On the Korean Peninsula

Many are stoked believing that Trump may end North Korea’s nuclear program where the South Koreans have failed, decidedly or not (looking right at Moon Jae-In).

However, this is the same tactic as before:

U.S. President Donald Trump said, “Possible progress being made in talks with North Korea. May be false hope, but the U.S. is ready to go hard in either direction!” He is right to be skeptical. A high-ranking White House official said, “Talks will not continue if North Korea intends merely to buy more time to develop nuclear weapons. We all know we shouldn’t make a sequel to a bad movie.” And U.S. defense and intelligence officials all voiced skepticism during a recent Senate hearing.

North Korea has gone all out to develop nuclear weapons, an ambition that dates back to nation founder Kim Il-sung. It would be extremely naive to think that it will give them up. Kim Jong-un has embraced dialogue only because intensifying international sanctions now threaten to sink the impoverished country’s economy, and dialogue with the U.S. and an inter-Korean summit will delay any immediate American pre-emptive attack. And if dialogue can ease sanctions, Kim will gladly buy more time.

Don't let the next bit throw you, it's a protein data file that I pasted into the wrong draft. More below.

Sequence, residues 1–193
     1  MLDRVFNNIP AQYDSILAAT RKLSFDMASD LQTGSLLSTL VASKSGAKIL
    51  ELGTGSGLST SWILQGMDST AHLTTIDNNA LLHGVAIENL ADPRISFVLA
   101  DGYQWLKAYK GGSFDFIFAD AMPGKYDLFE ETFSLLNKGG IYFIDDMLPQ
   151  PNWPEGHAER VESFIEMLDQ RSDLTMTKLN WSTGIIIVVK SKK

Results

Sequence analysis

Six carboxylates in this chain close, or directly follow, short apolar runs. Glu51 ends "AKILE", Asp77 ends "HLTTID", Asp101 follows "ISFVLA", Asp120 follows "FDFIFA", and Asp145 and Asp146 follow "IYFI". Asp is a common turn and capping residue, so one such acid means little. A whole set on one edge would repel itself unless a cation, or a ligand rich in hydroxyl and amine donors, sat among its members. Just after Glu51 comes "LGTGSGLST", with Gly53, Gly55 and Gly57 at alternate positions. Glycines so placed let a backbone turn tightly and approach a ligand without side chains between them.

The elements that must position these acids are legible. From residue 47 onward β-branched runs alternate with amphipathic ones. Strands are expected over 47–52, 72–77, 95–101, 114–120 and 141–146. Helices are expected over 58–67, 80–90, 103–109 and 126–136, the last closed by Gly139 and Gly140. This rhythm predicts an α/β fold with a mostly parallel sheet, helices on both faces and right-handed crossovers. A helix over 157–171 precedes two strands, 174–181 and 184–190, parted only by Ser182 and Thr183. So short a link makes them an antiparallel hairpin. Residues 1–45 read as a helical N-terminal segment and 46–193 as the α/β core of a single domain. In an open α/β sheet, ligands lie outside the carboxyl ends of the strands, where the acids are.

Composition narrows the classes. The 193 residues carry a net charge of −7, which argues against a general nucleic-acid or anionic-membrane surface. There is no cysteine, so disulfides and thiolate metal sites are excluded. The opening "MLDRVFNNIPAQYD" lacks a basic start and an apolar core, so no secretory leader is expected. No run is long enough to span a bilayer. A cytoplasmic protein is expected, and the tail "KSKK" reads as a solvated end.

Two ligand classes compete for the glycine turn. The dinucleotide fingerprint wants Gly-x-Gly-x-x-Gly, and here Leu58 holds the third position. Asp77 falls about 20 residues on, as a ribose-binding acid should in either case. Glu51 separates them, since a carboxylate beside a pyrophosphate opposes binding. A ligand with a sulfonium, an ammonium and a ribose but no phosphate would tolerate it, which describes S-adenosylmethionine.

The only leverage Seoul has against Pyongyang right now is sanctions. They must remain firmly in place as Seoul engages the North in dialogue to prevent Kim from making the wrong decisions. If he believes he can achieve both nuclear armament and the scrapping of sanctions, the crisis on the Korean Peninsula will only worsen. Kim must be forced to choose. That is the only way to achieve peace. And Moon must live up to his word that sanctions will not be eased for the sake of an inter-Korean summit.